Scott Barry Kaufman in Scientific American:
A large number of well done studies have painted a rather consistent picture of sex differences in personality that are strikingly consistent across cultures (see here, here, and here). It turns out that the most pervasive sex differences are seen at the “narrow” level of personality traits, not the “broad” level (see here for a great example of this basic pattern).
At the broad level, we have traits such as extraversion, neuroticism, and agreeableness. But when you look at the specific facets of each of these broad factors, you realize that there are some traits that males score higher on (on average), and some traits that females score higher on (on average), so the differences cancel each other out. This canceling out gives the appearance that sex differences in personality don’t exist when in reality they very much do exist.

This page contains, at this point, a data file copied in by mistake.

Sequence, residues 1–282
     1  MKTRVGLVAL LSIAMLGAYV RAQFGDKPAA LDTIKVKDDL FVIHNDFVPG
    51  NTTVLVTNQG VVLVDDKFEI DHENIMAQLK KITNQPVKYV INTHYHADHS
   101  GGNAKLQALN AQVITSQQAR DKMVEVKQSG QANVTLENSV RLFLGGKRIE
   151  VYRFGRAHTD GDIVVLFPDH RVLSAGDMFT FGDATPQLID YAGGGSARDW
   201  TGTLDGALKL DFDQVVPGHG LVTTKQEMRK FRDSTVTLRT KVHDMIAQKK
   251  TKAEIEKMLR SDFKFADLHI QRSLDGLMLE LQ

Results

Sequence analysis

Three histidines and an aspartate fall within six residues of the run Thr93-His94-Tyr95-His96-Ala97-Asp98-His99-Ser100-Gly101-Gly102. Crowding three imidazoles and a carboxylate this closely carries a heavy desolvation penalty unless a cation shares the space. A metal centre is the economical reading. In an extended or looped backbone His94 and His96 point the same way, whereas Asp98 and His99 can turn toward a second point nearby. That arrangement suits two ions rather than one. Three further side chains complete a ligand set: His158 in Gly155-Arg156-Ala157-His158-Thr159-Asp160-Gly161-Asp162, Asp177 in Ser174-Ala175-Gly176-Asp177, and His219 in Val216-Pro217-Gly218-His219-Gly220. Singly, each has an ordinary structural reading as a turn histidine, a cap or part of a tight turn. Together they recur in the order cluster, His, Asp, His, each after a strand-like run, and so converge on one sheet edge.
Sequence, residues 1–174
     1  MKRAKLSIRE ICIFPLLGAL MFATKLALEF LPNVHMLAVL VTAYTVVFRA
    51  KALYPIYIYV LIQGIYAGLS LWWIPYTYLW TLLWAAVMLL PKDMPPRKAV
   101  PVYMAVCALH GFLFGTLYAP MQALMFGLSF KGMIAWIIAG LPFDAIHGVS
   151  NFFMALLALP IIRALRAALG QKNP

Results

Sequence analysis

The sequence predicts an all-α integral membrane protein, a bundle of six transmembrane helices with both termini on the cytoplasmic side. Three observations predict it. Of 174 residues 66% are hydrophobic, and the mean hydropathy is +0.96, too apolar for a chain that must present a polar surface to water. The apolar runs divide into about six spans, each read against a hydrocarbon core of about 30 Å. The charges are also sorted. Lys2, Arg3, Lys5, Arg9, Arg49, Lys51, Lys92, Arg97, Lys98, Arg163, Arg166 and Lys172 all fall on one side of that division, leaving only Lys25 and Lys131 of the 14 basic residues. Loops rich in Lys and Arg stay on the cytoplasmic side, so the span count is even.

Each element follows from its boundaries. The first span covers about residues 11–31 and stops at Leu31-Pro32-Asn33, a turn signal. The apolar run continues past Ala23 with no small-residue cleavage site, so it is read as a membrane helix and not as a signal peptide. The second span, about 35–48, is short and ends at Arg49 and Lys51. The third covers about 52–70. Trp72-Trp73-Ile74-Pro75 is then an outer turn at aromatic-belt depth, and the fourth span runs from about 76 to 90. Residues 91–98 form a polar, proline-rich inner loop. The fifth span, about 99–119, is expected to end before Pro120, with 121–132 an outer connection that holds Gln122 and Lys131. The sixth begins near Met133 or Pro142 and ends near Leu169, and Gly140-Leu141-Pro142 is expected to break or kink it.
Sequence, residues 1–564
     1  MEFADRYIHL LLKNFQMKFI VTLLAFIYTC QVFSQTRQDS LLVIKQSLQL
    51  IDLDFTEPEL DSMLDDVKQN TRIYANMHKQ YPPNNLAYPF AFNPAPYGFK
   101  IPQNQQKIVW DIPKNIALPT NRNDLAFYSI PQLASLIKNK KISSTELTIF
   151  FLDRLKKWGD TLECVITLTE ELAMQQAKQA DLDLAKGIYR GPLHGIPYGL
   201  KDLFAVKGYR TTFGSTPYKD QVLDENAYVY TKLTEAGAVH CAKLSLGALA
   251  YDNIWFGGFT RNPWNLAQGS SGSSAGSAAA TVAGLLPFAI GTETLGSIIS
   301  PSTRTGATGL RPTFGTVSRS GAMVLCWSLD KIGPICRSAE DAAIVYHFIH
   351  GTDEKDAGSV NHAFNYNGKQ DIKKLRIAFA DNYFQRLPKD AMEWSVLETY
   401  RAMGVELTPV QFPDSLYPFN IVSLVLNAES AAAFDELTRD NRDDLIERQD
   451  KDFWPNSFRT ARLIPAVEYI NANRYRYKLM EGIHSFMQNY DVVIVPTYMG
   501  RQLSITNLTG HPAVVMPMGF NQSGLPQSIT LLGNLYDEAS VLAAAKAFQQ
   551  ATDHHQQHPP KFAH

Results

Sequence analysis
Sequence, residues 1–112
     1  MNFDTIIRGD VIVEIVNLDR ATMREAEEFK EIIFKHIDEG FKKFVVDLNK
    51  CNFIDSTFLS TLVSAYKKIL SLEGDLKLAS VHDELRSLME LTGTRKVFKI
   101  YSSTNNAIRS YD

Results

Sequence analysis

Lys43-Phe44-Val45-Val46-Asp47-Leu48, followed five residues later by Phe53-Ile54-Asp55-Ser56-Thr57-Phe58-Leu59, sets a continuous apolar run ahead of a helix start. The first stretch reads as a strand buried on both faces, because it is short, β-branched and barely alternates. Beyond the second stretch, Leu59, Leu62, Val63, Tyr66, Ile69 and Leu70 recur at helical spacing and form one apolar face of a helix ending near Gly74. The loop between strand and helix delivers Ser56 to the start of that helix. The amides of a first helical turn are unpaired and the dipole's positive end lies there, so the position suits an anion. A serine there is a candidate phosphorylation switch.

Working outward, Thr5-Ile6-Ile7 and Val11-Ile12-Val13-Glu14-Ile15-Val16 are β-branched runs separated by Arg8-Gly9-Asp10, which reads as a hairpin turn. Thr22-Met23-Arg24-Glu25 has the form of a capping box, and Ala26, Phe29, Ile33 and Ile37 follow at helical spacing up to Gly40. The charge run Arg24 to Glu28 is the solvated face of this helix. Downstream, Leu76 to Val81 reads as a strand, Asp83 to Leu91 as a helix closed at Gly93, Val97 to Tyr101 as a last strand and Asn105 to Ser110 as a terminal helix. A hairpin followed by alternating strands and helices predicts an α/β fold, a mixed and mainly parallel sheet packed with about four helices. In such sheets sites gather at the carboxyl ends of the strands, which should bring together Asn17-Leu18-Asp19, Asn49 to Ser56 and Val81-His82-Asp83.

For instance, males and females on average don’t differ much on extraversion. However, at the narrow level, you can see that males on average are more assertive (an aspect of extraversion) whereas females on average are more sociable and friendly (another aspect of extraversion). So what does the overall picture look like for males and females on average when going deeper than the broad level of personality?